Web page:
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Meditations on motherhood, mental illness, and resiliency

It’s easy to make assumptions about people based on their academic accomplishments, professional successes, or philanthropic contributions. But sometimes if you pull back the curtain, you discover untold depths and hardships that reveal a more valuable story than a five-sentence biography can.

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People 85 and older make up Canada’s fastest-growing population segment, increasing at nearly four times the rate of the total. Also growing quickly is the number of evidence-based tools and strategies to help them live longer, happier, and more fulfilling lives, which is good news, since the size of this group will triple over the next few decades.

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Dr. Manon Charbonneau remembers the day vividly, though she’d rather forget it. “So that’s it, then — cancer,” she recalls saying in disbelief with her eyes locked on the digital images of her mammogram. The radiologist confirmed the diagnosis, and in a moment her world was “completely dismantled.”

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Spotlight on recovery

I reached Ian Morrison at his office at the Regina branch of the Canadian Mental Health Association (CMHA). A graduate of the Humber College comedy writing program, he teaches people how to harness their experiences — with mental illness and life in general — into stand-up comedy routines. “It’s all I’ve ever wanted to do,” he said. “Just tell jokes, make people laugh.”

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More Stories

Industry turbulence: Building mental health into WestJet’s pandemic operations

When the world shut down in early 2020, industries around the globe were forced into the realities of operating during a pandemic. Perhaps no sector was as hard hit as the airline industry, with many organizations laying off thousands of workers in an effort to keep up with the ever-evolving landscape of COVID-19 travel. WestJet’s organizational well-being manager Lisa Dodwell-Greaves described the experience as nerve wracking.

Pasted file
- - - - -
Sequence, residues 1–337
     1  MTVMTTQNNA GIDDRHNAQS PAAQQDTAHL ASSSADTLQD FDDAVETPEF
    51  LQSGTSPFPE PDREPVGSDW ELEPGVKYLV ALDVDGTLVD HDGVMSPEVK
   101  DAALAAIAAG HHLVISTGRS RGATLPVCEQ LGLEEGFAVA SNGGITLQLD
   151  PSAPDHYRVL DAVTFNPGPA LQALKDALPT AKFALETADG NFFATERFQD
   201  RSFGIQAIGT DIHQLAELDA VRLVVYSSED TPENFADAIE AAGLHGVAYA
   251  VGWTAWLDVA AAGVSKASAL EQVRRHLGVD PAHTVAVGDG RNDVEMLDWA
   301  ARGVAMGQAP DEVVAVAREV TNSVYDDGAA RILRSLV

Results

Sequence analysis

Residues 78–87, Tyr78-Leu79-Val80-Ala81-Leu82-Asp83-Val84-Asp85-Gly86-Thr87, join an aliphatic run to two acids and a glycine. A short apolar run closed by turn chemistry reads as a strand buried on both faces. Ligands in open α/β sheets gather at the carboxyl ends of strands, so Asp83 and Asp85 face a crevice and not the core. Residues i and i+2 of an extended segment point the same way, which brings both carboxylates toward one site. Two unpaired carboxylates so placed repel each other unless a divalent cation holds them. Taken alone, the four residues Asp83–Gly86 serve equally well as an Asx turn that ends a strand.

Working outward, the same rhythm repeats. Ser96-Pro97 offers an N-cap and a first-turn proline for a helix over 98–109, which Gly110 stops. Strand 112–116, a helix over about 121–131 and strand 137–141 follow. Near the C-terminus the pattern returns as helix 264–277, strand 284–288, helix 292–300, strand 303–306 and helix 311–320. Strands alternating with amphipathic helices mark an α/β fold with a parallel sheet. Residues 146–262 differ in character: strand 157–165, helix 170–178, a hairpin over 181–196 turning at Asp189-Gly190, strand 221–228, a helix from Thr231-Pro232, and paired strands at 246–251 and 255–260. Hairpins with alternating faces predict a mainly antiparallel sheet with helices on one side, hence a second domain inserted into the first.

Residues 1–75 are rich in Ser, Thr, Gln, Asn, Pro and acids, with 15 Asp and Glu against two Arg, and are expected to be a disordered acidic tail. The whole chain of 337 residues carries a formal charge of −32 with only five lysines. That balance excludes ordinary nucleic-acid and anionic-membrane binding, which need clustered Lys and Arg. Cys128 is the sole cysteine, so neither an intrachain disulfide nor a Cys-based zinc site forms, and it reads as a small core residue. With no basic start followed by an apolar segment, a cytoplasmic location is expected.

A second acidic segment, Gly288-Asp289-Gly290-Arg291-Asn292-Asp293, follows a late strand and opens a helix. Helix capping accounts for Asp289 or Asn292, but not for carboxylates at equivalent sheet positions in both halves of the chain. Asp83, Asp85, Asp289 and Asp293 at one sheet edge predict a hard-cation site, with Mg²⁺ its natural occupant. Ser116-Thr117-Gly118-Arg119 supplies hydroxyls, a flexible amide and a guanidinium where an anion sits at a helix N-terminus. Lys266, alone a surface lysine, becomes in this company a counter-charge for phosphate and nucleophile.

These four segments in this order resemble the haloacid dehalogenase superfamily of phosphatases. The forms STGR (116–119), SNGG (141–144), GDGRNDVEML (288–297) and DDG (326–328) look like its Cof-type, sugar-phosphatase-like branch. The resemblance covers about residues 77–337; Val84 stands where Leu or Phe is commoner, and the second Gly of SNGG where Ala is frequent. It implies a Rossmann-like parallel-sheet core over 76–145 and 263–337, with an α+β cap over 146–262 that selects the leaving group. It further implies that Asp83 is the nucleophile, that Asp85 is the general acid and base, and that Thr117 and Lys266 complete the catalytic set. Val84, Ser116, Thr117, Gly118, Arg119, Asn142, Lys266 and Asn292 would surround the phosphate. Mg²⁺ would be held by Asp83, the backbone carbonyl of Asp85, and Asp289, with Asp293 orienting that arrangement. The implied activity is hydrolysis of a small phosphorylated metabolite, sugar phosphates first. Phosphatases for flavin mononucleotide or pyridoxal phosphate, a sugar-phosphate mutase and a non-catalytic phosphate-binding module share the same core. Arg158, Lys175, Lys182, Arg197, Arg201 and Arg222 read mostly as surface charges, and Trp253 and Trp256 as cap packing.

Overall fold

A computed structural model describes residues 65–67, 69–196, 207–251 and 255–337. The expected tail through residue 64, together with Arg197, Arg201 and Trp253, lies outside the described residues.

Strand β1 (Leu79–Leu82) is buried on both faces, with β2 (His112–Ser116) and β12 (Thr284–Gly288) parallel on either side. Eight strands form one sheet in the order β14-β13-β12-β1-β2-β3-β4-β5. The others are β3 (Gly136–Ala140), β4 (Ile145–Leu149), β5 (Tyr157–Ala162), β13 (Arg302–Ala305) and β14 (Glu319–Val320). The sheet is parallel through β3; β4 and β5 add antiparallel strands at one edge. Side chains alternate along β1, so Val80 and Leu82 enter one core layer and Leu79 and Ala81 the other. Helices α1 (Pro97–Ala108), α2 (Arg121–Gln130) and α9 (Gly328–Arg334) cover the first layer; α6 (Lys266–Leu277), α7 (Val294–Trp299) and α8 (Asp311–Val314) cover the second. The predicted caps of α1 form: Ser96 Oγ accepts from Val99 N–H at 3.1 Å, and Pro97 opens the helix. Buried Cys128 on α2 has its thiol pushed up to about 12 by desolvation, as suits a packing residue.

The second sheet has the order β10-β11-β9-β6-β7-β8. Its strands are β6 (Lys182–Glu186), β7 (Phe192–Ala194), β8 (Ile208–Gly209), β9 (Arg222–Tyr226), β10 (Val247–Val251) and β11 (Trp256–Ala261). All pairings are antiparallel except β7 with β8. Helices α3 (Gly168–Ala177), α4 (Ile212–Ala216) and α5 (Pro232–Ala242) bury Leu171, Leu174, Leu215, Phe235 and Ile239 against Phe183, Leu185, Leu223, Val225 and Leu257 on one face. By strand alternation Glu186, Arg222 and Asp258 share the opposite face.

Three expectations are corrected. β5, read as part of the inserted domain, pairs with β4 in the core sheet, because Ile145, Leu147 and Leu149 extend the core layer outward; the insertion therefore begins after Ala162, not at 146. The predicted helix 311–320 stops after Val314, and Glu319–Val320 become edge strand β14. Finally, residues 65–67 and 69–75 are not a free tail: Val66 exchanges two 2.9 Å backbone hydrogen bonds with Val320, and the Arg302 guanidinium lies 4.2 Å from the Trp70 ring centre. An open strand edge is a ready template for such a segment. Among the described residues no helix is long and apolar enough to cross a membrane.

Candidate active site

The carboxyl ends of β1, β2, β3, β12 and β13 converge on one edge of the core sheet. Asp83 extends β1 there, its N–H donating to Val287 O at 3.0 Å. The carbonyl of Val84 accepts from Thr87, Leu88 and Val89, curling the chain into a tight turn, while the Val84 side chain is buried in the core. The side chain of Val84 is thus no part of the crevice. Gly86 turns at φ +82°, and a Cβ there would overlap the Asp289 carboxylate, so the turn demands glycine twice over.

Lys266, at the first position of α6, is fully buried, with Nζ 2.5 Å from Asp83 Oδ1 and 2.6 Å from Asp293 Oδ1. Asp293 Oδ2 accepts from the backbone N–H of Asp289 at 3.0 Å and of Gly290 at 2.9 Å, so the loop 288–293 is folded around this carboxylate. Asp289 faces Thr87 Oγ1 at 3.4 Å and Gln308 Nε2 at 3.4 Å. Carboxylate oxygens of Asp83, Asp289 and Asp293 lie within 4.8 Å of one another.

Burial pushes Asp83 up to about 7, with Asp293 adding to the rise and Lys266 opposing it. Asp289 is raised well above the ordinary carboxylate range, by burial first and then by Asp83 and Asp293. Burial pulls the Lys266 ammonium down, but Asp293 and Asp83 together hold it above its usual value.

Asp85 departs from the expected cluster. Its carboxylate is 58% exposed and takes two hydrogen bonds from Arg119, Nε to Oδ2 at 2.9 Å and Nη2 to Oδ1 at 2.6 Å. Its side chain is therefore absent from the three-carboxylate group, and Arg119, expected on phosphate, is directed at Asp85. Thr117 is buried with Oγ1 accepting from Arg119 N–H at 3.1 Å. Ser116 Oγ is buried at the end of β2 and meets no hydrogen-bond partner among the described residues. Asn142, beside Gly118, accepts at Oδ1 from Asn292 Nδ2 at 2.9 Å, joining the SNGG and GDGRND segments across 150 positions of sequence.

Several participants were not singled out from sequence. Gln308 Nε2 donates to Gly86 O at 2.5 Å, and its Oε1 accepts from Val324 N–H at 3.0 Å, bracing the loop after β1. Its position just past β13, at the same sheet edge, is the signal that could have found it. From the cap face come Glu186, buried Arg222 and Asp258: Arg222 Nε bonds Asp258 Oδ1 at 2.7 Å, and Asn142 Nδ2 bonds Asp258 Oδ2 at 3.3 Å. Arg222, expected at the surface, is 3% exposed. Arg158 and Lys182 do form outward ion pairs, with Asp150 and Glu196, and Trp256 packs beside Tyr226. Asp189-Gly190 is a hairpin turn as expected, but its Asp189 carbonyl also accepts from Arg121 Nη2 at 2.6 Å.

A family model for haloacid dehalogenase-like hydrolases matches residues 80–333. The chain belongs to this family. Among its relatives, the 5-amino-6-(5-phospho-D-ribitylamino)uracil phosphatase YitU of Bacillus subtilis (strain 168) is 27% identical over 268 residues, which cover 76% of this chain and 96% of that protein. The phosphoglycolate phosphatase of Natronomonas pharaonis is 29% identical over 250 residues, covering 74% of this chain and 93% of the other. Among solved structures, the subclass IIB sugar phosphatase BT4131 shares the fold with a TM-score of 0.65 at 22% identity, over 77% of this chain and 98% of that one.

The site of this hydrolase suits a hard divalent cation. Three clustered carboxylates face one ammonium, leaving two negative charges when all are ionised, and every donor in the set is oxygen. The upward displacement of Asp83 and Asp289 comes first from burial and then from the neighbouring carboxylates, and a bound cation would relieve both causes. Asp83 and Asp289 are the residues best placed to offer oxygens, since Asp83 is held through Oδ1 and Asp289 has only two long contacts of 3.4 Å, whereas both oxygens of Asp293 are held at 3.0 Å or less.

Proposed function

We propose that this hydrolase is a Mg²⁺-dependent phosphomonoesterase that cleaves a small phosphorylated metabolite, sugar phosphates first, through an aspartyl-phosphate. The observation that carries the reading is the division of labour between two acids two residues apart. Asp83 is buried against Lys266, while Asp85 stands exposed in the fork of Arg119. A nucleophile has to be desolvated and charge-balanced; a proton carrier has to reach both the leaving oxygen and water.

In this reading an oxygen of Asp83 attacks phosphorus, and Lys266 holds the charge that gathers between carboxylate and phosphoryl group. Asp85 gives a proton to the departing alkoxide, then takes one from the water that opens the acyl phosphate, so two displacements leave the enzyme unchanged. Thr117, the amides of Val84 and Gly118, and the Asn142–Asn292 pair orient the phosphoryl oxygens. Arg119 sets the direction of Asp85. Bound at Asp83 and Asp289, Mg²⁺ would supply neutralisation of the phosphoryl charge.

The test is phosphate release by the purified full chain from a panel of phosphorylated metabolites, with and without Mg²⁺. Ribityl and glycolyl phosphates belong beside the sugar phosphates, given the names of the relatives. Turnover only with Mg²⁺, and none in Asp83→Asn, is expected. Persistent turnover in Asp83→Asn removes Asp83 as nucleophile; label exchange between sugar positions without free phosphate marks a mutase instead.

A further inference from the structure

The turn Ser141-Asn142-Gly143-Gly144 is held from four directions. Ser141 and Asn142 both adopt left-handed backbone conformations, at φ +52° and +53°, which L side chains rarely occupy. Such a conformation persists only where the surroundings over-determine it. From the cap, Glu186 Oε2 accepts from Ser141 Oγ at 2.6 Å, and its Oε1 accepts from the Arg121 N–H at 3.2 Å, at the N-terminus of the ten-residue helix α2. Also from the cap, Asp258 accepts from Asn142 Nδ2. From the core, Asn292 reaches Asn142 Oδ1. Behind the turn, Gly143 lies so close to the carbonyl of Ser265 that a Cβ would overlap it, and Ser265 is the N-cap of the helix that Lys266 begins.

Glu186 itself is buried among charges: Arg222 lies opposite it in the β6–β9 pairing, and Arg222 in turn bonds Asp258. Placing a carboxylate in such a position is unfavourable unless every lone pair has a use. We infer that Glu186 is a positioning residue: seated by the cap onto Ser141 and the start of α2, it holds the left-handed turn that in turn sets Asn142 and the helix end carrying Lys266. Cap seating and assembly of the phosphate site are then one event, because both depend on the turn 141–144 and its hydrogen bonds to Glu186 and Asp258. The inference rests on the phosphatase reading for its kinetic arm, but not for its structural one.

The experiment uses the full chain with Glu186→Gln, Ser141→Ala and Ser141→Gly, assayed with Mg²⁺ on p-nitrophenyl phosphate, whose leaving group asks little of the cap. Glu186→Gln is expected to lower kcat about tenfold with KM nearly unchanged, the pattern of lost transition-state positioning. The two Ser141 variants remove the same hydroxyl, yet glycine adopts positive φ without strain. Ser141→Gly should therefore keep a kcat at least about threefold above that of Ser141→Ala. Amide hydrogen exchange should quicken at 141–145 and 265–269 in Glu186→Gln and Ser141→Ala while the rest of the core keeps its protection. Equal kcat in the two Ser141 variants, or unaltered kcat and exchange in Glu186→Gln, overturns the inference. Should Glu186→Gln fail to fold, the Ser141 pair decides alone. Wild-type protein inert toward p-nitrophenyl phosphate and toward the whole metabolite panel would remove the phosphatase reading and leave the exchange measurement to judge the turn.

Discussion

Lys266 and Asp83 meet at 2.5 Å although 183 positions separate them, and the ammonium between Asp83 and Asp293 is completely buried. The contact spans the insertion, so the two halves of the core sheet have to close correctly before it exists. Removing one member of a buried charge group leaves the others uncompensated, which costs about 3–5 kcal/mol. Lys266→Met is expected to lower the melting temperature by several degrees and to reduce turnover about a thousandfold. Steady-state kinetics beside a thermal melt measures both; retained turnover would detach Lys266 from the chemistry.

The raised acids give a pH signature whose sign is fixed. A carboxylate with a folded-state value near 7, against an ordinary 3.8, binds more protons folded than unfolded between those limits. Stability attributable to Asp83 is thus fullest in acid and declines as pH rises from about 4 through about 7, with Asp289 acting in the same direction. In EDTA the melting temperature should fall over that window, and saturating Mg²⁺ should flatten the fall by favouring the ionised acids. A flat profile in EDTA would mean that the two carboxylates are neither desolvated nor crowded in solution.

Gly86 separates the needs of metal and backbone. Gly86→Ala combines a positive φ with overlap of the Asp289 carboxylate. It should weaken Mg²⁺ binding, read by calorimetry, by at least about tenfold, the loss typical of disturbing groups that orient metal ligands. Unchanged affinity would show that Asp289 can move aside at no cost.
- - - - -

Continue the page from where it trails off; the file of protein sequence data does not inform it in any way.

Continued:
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MHCC research inspires funding opportunity

Research conducted by Mental Health Commission of Canada (MHCC) staff into early childhood mental health has helped inspire a new, multi-million dollar funding initiative by the Canadian Institutes of Health Research (CIHR). This spring, CIHR’s Institute of Human Development, Child and Youth Health (IHDCYH) expects to issue a call for proposals devoted to early childhood mental health.

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More than skin deep

“I’m so glad you’re Black.” That’s the first thing Donna Richards hears from her new client. But as one of the few African, Caribbean, and Black (ACB) clinicians working in the client’s Employee Assistance Program (EAP) — and one of the few ACB psychotherapists in Canada — she hears it a lot.

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A new curriculum of challenges

September in a post-vaccinated world was supposed to hold the promise of a return to normalcy. And while there was elation when that first bell rang, a new reality has since set in — one that includes helping children manage their emotions as COVID continues to leave its stamp on school communities.